5. If you get hungry between meals, you didn’t eat enough at the last meal.

That’s it.  The rules are simple and don’t require that I refer back to the book for anything.

Here is a typical day for me on this diet:

For breakfast most mornings, I have 3 eggs and 2-3 sausage links.  I bought brown-and-serve sausages so this takes 10 minutes to cook in the morning.

On the way to work, I have a diet soda if we have any in the house.  If not, I skip it.  I like pop, but I’ve broken my caffeine addiction completely.

For lunch, I will either have leftovers from the night before or some stir-fry with beans and whatever protein is convenient.  I’ve been keeping pre-cooked brats(wurst, not kid) or polish sausages as a convenience food.

Several times a week, I make some stir-fry.  I use a basic, flexible recipe.

  1. Chop whatever vegetables are on hand.  We usually have onions, broccoli, a variety of peppers, and mushrooms.  If I have celery, asparagus, or almost any other vegetable.  Lettuce works poorly in a stir-fry.
  2. Put some oil in a hot pan.  I prefer sesame oil, but I’m not picky.  I’ll use whatever oil we have on hand.
  3. Cook the vegetables, stirring constantly.  Cook them in the order of how long they take to cook.  Onions are usually first.  Celery tends to be last..  While they are cooking, I sometimes sprinkle ginger powder over the top.
  4. If you are getting sick of eating beans, toss them into the stir-fry, cooked.  They mash and disintegrate, giving you the benefit and some flavor, without the mouth-feel.
  5. When the vegetables are cooked to your satisfaction, put them in a bowl.   They will keep in the refrigerator for a few days.

I tend to cook the meat separately, as that lets me vary the meal more.  I’ll make some chicken or steak ready to toss in the stir-fry before I re-heat it.

I vary the seasonings, vegetables, and oil to get different flavors  I rarely make the same stir-fry twice.  The real trick to keeping the food satisfying is to experiment with seasonings.  They make a huge difference between bland and yummy. Seasonings can make or break a meal all by themselves.

If I don’t have any stir-fry or leftovers, I’ll bring some salad and a polish sausage. Most salad dressing is sugar-based, so I either go light on the dressing, or use balsamic vinegar.   I try to avoid doing this more than once every couple of weeks.  It’s boring and doesn’t taste that great.  It’s okay, but that’s all.

I try to always have cooked beans or lentils in the refrigerator.  They provide a significant part of my calorie intake.   Beans are kind of a necessity.  Vegetables taste better, but  are a low-calorie, bulky food.  You can’t stay full all day on nothing but lettuce.  Beans get old. I’ll usually toss a few spoonfuls of salsa to change the taste.  When I cook lentils, sometimes, I’ll cook it in beef broth with fried onions and garlic to make a tasty change.

For dinner, I have whatever vegetables we are cooking for the kids, a scoop of beans, and a protein that usually isn’t cooked for the family.

The protein source varies based on whatever was on sale when we went grocery shopping.  It can be steak, chicken, or anything else.  This week, we bought 16 chicken drumsticks.  We spread them out on a cookie sheet and seasoned them 3 different ways, just for variety.  Some got garlic salt, some got Italian seasoning, and some got a Greek rub.  After an hour in a 350 degree oven, we had a delicious meal.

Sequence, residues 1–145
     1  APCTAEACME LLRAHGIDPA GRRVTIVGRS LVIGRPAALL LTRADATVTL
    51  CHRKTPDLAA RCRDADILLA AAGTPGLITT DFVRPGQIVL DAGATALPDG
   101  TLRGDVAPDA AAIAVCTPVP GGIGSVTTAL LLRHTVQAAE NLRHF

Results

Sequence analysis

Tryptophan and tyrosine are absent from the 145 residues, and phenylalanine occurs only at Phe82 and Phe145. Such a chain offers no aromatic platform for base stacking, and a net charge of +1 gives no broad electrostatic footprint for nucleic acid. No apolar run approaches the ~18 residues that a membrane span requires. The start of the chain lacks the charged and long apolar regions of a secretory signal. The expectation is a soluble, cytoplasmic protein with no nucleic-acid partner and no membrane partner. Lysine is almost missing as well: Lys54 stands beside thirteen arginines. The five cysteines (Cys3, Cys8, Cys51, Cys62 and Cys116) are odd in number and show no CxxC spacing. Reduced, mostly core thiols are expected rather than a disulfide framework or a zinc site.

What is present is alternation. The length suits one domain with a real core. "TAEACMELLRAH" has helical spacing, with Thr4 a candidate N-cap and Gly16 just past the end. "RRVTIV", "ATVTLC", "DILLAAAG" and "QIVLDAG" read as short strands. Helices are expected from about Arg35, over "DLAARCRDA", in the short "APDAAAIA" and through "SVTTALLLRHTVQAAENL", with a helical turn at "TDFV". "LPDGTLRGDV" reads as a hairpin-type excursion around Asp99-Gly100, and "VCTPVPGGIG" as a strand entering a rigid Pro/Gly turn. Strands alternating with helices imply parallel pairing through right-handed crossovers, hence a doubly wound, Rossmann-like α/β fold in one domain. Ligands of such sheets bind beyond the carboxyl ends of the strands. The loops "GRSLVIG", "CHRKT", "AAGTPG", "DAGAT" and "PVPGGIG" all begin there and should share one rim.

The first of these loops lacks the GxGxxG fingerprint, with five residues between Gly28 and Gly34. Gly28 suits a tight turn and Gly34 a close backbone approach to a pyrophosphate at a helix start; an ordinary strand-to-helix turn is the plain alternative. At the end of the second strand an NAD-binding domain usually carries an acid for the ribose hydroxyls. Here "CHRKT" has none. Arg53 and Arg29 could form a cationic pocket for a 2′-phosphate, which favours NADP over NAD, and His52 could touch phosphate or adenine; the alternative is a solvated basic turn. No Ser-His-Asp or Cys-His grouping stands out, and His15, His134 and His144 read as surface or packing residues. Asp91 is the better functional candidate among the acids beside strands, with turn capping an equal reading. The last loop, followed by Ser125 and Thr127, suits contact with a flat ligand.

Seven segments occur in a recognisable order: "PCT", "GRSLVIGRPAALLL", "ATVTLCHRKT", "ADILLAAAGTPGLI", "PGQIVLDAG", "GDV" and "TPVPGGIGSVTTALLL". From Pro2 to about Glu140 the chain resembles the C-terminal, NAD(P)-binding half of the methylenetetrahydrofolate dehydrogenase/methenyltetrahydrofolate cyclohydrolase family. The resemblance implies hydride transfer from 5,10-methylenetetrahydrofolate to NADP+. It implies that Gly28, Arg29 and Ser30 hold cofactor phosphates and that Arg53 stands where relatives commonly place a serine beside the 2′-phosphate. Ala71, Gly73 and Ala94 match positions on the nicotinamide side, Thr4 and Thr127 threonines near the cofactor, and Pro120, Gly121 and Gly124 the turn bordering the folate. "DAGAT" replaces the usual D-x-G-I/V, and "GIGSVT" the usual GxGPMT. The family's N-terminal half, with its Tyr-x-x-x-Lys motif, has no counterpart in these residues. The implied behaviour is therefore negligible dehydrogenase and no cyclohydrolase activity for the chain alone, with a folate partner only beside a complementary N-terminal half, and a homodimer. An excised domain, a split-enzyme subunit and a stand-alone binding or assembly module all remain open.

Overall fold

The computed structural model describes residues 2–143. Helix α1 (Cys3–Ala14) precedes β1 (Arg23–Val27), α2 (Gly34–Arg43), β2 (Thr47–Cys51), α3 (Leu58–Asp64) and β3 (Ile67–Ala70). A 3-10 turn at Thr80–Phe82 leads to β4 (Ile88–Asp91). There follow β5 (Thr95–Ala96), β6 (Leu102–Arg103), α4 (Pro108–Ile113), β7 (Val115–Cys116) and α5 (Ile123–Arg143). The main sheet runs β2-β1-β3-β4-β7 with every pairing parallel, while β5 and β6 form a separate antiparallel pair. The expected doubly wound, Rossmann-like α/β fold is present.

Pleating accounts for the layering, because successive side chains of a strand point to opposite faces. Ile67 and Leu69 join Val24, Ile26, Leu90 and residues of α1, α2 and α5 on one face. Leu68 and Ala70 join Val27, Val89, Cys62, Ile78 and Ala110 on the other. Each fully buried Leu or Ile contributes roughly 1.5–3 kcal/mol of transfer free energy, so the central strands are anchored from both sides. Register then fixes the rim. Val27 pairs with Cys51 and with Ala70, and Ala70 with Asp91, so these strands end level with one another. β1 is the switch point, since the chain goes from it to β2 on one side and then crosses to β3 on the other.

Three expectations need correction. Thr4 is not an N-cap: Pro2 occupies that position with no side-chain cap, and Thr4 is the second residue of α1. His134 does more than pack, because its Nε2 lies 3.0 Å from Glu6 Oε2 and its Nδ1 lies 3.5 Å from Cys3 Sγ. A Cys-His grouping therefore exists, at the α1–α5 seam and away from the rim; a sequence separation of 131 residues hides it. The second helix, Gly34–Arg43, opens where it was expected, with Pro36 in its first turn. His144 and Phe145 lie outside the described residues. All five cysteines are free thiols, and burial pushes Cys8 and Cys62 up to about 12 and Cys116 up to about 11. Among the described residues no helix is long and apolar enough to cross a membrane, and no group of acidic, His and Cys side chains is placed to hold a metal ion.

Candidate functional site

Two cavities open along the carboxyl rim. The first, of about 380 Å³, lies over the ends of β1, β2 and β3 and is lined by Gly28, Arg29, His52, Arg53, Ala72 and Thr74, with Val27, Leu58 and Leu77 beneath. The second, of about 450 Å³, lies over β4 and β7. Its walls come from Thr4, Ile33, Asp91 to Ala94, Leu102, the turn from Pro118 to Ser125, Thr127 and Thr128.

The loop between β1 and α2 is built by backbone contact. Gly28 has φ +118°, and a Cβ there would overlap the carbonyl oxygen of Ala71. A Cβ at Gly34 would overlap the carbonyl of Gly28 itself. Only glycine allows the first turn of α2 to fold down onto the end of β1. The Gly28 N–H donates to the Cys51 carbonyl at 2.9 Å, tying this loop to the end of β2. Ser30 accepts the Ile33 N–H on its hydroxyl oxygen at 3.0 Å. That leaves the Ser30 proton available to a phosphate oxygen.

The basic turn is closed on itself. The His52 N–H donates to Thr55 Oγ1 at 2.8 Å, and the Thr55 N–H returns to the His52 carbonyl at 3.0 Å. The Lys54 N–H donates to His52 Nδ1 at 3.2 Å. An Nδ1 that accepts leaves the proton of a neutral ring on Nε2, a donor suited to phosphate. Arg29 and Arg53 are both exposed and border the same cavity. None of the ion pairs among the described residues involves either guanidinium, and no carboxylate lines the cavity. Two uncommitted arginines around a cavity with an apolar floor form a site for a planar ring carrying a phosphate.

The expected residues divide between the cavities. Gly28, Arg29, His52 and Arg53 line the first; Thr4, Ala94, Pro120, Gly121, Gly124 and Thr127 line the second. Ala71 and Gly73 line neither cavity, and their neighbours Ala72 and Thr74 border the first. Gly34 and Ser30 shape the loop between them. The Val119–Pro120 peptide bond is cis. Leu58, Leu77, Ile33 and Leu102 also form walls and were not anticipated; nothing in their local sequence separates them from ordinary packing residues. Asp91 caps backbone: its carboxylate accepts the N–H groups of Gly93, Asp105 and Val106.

If I feel a need for a snack, or a craving for sweets, I just take a spoonful of peanut butter.  It helps.


I’m not doing any major form of exercise.  I wanted to test the diet on its own merits, first.  What I am doing is some timed exercises shortly before and 90 minutes after I eat, when I remember.   The exercises are resistance-based and 60-90 seconds in duration.  The purpose is to crank up my metabolism before the food gets introduced into my body, and then keep it up and running for a while afterward.

I use a mid-level elastic rehab strap, doubled-over twice.  I do 75 chest extensions about 5 minutes before I eat.   Most days, I forget to do them again 90 minutes later.  There are any number of other exercises that would work, including air squats or push-ups.


I am not your doctor.  In fact, I am not a doctor in any capacity.  Similarly, I am not a nutritionist, a dietitian, or even a board-certified snake-oil salesman.  I have no qualifications here, in any way, shape or form.  Follow this at your own risk.

I take 5 supplements.

Policosanal.  This is an herbal supplement that is supposed to help with cholesterol, which is a helpful thing to do when you are on a low-carb, high-protein diet.  More importantly, a side effect is weight loss.  Hurray for helpful side effects!

Alpha-lipoic Acid(ALA).  This is an antioxidant that helps your body produce vitamins C and E.  It is also supposed to inhibit triglyceride and fat storage.  To quote from the book, “ALA helps you store the carbohydrates you ea in your liver as opposed to in fat.”

Decaffeinated Green Tea Extract.  This inhibits your body’s ability to store carbs as fat and it accelerates fat cell death.  The second bit means it should help prevent the rebounding so many dieters experience.

Garlic Extract.  This assists with cholesterol management and the inhibition of fat regain.

B Complex.  I take a B complex vitamin with vitamin C.  The B vitamins help balance out some of the things the rest of the supplement regimen does to cellular metabolism while giving your overall metabolism a boost.

I take the whole mess in the morning and again before bed.  Shortly before lunch and dinner, I take the ALA, green tea extract and garlic extract.


As a pure body-hack, I ice my upper back every night.  I have an ice-pack sheet that I place on my upper back for 30-45 minutes each night before bed.  This lowers my core body temperature, forcing my body to work harder to maintain 98.6 degrees.  That burns calories.  An additional benefit: getting cold makes you tired, which helps with my chronic insomnia.

This combination of factors has resulted in my losing an average of .7 pounds per day, without meaningful exercise.  It’s a violation of a number traditional dieting principles, but it’s working.  Is everything I’m doing necessary?  Useful?  Possibly not.  Over the next few months, I’m going to be experimenting with dropping individual pieces of the plan, to see if my rate of loss drops for any of it.

For now, it’s working, and doing so at a rate I like.   Dieting usually sucks, because the results are so slow.  This is much more satisfying.